From the Everglades to tropical rainforests, ecosystems exist as a balance of many species and nonliving phenomena. Processes and changes may be hard to notice at a given moment, but they are always occurring, and over time they affect all plants, animals and people. There are many ways to take a snapshot of an ecosystem, and our researchers are experienced in a variety of methods ranging from up-close to orbital.
In-person studies take our researchers to South American sites including in French Guiana, Brazil and Peru, to sample tree bark and leaves and catch insects for surveys. We also identify new amphibian species and track populations as they suffer and rebound from disease. Plant exploitation and trafficking also draw our experts’ attention, as we explore ways to satisfy demand or plants without wiping out threatened species.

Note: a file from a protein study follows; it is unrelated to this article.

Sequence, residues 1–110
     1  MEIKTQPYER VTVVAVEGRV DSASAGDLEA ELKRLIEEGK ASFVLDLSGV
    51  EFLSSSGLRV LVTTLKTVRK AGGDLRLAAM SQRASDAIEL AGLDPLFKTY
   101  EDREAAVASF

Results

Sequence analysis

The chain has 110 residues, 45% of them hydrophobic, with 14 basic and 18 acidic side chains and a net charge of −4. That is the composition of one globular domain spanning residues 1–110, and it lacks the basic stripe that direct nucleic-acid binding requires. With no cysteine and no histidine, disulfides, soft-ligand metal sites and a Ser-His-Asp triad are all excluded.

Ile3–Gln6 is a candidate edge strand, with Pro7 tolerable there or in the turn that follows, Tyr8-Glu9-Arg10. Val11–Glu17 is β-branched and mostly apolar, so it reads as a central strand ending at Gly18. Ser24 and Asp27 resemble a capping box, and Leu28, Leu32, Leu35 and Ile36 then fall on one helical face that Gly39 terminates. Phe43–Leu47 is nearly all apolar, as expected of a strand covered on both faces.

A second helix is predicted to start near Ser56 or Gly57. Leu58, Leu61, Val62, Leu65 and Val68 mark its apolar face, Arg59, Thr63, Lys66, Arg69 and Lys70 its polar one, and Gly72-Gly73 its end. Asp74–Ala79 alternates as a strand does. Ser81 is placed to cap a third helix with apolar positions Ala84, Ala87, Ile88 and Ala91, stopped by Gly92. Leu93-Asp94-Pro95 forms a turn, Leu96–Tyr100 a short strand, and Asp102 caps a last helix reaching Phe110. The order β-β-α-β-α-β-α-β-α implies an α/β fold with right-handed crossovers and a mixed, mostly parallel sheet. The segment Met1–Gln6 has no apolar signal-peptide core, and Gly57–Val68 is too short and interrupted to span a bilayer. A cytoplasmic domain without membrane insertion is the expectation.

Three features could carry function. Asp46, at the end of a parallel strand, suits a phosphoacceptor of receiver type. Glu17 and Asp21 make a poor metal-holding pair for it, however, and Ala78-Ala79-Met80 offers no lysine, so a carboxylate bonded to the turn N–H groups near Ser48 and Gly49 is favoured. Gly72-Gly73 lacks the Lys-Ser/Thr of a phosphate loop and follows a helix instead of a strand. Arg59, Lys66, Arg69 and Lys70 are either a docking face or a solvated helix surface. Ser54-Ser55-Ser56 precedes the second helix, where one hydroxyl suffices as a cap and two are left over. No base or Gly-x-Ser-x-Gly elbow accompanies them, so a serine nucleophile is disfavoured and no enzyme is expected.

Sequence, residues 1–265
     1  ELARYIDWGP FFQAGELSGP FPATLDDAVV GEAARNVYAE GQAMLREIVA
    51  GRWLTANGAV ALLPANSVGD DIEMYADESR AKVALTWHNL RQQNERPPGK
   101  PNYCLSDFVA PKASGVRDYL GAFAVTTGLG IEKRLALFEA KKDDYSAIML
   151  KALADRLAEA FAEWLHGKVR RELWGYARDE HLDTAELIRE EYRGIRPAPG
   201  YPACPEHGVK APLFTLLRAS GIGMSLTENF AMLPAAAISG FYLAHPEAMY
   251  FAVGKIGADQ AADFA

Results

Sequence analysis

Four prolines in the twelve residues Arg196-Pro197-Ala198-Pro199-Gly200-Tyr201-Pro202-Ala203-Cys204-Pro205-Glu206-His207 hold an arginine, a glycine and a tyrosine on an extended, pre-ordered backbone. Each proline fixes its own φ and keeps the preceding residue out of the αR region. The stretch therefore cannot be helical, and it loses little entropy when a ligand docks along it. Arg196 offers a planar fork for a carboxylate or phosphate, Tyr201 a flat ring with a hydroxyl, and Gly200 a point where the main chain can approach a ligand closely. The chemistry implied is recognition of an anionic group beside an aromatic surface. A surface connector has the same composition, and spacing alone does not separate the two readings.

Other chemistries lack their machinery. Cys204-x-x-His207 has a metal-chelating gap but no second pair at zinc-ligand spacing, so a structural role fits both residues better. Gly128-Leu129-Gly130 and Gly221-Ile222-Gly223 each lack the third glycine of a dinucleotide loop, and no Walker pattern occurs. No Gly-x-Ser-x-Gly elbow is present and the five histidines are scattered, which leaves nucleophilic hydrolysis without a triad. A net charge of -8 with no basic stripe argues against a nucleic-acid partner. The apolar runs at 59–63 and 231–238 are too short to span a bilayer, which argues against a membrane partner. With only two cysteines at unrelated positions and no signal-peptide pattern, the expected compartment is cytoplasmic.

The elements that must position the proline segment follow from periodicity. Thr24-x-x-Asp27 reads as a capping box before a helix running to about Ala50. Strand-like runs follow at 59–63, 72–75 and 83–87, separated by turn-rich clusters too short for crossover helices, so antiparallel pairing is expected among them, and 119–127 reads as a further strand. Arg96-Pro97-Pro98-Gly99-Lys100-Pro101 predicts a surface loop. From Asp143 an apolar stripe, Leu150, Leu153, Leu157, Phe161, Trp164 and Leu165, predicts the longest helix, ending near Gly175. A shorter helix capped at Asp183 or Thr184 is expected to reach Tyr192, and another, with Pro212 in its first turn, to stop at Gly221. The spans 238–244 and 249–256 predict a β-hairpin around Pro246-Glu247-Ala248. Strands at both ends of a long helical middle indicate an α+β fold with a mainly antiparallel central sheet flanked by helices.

Remote sensing projects give us a large-scale view of ecosystems. Our Everglades work includes the evaluation of aerial and satellite data such as photos and LiDAR laser scans, developing methods for identifying plant distribution from the sky. Improving scientists’ access to hard-to-reach ecosystems makes it easier to observe and protect them.